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EagleScoutof007

Battle test of an A.I. system

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I've mentioned before in another post. I've been tinkering with an idea of an A.I. system in Armada inspired by Hero's of the Atari cluster in X-wing. So I played a game tonight to test out my ideas so far. Here's both lists, no upgrades on the ships:

Rebel (me):

Nebulon-b support refit

Squadrons:

1 X-wing

1 Y-wing

Empire (A.I.)

Arquitens-class Light Cruiser

Squadrons:

1 Tie Advanced

1 Tie Fighter

 

A.I. ship dials have marks on top of each command. I roll a D6 three times to figure out it's commands without looking at the dial by turning the dial left-right-left or right-left-right.

So here's how it turned out. Both sides had 74 points. Rolled for lowest number. A.I. rolled lowest so it went first. I rolled a D4 to set a speed and rolled a 1. My nebulon-b started with speed 1 as well. As both ships got closer they made pot shots. Squadrons got tired up. I used a D6 to select to yaw on the. Eventually both ships got locked nose to nose bumping while the squadrons duked out leaving to Y-wing to survive. Turn 4 A.I. shot a red and black dice at the front and bumped again while moving blowing up the nebulon-b in the process. A.I. wins again 2-0. I'm still playing around with this idea just a little bit at a time. I like what I have done to set the ship commands, but now I need a system for the the tokens (command and defense) and a good one for squadrons. Any input or suggestions are welcome. Thanks for reading!

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I appreciate you making the effort at this. I cannot imagine it is easy. 

That said,  I think your AI ship is a little too random.  I'd suggest reducing AI ships to Command 1 if you intend for them to have D6 commands. This allows you to feed more data into rolls at the start of each subsequent turn. And that would make your AI less slightly more predictable at the cost of infinitely more effective when it comes to planning the first several turns.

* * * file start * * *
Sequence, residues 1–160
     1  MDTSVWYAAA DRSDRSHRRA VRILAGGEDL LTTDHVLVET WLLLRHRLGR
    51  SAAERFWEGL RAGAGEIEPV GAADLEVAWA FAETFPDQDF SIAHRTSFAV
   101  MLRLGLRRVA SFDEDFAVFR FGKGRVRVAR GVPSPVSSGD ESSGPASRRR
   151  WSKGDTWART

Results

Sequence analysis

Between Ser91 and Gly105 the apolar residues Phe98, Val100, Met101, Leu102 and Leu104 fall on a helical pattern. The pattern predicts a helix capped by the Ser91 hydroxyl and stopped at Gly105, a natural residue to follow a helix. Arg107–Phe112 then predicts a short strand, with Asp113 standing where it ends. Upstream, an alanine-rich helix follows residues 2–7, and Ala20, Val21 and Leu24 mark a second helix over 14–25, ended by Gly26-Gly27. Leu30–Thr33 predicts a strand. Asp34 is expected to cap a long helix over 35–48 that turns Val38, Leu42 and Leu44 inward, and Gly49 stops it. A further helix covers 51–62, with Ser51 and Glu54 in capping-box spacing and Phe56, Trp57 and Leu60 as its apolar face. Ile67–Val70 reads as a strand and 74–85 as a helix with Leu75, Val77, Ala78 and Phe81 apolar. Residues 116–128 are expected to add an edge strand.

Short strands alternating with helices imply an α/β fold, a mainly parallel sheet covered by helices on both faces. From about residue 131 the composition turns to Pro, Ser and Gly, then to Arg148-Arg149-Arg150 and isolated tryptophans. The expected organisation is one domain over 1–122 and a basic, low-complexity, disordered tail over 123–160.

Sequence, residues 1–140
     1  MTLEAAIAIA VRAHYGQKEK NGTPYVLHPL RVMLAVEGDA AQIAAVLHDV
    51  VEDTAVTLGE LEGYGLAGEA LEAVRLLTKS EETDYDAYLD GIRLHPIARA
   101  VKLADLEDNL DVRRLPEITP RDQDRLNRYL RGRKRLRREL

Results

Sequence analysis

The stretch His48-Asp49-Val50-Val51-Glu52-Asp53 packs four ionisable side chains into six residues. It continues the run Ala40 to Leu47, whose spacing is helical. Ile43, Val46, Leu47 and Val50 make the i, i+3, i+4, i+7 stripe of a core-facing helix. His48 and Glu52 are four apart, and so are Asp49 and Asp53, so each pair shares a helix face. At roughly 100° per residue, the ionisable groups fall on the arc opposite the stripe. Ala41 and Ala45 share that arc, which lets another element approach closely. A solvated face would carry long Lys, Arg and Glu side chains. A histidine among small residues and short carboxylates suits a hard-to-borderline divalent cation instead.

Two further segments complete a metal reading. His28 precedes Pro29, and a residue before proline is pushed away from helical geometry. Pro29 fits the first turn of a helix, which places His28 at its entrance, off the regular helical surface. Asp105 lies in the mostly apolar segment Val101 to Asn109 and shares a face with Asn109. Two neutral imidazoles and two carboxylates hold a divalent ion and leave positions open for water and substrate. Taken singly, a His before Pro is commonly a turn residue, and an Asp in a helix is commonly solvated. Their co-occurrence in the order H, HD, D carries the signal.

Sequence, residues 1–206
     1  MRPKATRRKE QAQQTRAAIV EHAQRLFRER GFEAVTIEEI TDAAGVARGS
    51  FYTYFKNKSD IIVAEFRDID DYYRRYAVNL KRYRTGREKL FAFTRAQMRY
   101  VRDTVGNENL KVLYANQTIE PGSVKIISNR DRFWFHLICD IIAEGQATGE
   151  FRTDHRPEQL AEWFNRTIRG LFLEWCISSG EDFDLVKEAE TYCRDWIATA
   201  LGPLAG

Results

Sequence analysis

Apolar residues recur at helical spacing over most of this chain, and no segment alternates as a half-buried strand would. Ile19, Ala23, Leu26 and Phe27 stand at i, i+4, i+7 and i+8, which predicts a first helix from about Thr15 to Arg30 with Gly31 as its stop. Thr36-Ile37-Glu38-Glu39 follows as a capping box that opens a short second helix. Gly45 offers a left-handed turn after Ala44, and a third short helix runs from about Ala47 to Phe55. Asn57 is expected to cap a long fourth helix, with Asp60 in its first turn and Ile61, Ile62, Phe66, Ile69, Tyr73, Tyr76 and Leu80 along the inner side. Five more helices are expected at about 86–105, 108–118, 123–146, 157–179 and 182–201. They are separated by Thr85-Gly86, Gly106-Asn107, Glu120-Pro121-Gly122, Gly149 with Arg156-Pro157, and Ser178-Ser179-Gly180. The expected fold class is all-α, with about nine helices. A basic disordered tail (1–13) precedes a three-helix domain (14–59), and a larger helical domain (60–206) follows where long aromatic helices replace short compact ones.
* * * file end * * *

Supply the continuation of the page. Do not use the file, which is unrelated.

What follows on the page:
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8 hours ago, thecactusman17 said:

I appreciate you making the effort at this. I cannot imagine it is easy. 

That said,  I think your AI ship is a little too random.  I'd suggest reducing AI ships to Command 1 if you intend for them to have D6 commands. This allows you to feed more data into rolls at the start of each subsequent turn. And that would make your AI less slightly more predictable at the cost of infinitely more effective when it comes to planning the first several turns. 

Thanks. I'm still experimenting putting ideas from paper to the board. As I mentioned, I like where Im at with setting its commands though I might try just using 1 dial like you suggested. I'll play around with it. The problem I have is figuring out is how it would move. Using dice this time was too random sence the ship zigged zagged and never used its side arcs. Maybe start with its side arcs facing me and base its movement on which I closest to. 

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17 minutes ago, EagleScoutof007 said:

The problem I have is figuring out is how it would move. Using dice this time was too random sence the ship zigged zagged and never used its side arcs. Maybe start with its side arcs facing me and base its movement on which I closest to.